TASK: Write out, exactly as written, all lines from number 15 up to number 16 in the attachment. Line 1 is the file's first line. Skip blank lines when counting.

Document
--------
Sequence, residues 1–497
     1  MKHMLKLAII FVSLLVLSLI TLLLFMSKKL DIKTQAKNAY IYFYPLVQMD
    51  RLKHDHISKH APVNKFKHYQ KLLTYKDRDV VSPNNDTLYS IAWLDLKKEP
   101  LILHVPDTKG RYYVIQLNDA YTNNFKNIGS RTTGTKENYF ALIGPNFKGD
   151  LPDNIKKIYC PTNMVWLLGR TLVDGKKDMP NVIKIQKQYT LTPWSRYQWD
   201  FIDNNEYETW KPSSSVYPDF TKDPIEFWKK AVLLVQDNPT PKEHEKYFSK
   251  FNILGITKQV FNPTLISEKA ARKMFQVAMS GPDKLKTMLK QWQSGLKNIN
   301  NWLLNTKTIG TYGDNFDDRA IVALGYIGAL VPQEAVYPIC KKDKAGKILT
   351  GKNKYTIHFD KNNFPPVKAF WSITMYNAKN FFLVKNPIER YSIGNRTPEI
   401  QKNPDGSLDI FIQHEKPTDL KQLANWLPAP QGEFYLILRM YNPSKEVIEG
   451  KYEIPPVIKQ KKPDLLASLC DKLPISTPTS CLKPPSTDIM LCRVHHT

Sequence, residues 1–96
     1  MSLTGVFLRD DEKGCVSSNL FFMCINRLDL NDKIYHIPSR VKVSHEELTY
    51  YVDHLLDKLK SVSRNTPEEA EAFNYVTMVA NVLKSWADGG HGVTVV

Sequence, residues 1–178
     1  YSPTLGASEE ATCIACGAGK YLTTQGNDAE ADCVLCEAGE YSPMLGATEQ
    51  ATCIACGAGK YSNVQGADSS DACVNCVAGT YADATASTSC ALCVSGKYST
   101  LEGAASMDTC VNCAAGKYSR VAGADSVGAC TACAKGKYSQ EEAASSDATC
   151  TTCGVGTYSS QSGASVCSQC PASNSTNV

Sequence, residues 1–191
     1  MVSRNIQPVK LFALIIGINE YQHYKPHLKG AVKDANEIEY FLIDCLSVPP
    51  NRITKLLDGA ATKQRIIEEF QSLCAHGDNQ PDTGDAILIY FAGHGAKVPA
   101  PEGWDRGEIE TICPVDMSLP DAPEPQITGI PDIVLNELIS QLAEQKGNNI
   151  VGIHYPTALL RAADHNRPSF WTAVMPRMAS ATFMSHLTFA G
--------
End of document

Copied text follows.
Sequence, residues 1–178
     1  YSPTLGASEE ATCIACGAGK YLTTQGNDAE ADCVLCEAGE YSPMLGATEQ